As you may have guessed by this point, Scorpions and Miniskirts does not exactly place a premium on plot. What there is of one is so vaporous that to even call it thin would be over-generous. As indicated above, major story developments happen off-screen, while our heroes are busy engaging in protracted fist fights and episodes of serial sexual harassment, only to be dealt with later on with a line or two of throwaway dialog. Thus is the film liberated from the tiresome demands of narrative and instead simply allowed to be a parade of leering sexual shenanigans and cartoonish violence (the latter of which our heroes take to with a characteristic movie spy unflappability, rendering them a preposterous combination of adolescent distractibility and ruthless, superhuman efficiency).




The great whats-it in this case is a flask of perfume containing a sample of human RNA, which the Scorpions hope to use to somehow brainwash the American Secretary of Defense into provoking a third world war. (Look, that’s what they said.) Said flask had previously fallen into the hands of a since-murdered colleague of the two French agents, who, in an attempt at subterfuge, had sent identical looking flasks to an assortment of beautiful women located in various parts of the world. This necessitates that Paul and Bruno travel to each of these women’s locations in order to determine who among them is in possession of the real deal, in the process assembling a harem that they cart along with them like chattel as they traverse the globe. Needless to say, many stewardesses, cocktail waitresses and micro-dress wearing nurses are groped along the way -- though, to be fair, a running gag is made of Paul’s inability to actually bag any of these babes, as his thuggishly blunt seduction methods see him constantly losing out to the comparatively suave, less hands-y Bruno


.

Director Ramon Comas is clearly attuned to the utter ridiculousness of all that’s described above, and imbues it with an appropriately giddy pace and hyper-real color palette –- while at the same time delivering some inspired flashes of trippy, psychedelic style that, in combination with the film’s frequent instances of light S&M, make the end product seem kind of like a Jess Franco movie with all of the boring bits taken out. For me, this makes the film very hard not to like, despite all of its shortcomings. Helping further is the fact that Scorpions and Miniskirts is so obviously twisting itself into pretzel shapes in order to be as aggressively absurd and flat out stoopid as possible. Witness, for example, the early fight scene in which a grenade blast leaves nothing left of a trio of the Red Scorpion Sect’s minions but three perfectly minion-shaped holes in the wall.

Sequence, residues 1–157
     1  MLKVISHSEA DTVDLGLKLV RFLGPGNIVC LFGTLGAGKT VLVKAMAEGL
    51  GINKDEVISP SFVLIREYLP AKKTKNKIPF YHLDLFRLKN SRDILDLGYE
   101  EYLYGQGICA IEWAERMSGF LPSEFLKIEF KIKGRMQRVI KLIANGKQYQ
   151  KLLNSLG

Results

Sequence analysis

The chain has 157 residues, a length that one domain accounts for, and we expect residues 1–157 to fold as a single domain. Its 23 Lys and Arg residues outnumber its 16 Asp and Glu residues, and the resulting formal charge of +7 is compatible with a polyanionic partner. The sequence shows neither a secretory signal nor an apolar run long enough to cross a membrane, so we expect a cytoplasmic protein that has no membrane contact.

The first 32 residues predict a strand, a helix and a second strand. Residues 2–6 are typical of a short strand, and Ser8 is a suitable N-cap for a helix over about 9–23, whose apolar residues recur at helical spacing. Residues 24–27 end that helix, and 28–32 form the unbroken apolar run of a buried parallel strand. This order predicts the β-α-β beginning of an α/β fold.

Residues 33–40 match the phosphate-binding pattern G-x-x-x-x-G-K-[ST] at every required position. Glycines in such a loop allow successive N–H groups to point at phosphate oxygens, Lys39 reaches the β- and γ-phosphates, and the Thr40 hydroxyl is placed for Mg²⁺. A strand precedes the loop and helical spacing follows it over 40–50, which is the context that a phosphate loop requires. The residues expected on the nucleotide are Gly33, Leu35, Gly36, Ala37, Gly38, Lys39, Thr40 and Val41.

The strangest moment in Scorpions and Miniskirts comes during its finale, as Paul and Bruno are racing to prevent Kung and his goons from completing their attack upon the visiting U.S. Secretary of Defense. Interspersed with this mad scramble are news broadcasts comprising archival footage of Robert McNamara –- the actual Secretary of Defense at the time, as well as the widely reviled architect of the Vietnam War -- mixed with footage of a vaguely similar looking actor delivering scripted lines. Of course, the super agents ultimately succeed in foiling the scheme, and, rather than spouting the hate-filled call to arms that the dastardly foreigners had planned for him, McNamara, one of the late 20th century’s most notorious warmongers, instead delivers a message of peace. Personally, I think they should also have put a miniskirt on him, as that’s the only way the situation could have been any more implausible.

5 comments:

dfordoom said...

It sounds absolutely wonderful. I want a copy.

houseinrlyeh said...

The last two movies I saw were Night of Horror and Death Machines, so the idea of a giddy pace sounds especially attractive to me.
What will they think of next - movies that show more of people than their backs!?

Todd said...

I know, right? Scorpions, miniskirts, and no impossibly long scenes of tedious mumbled exposition by two anonymous guys in an underlit bar. It's almost too good to be true.

Keith said...

I have a little tear in my eye

Todd said...

It's just that good.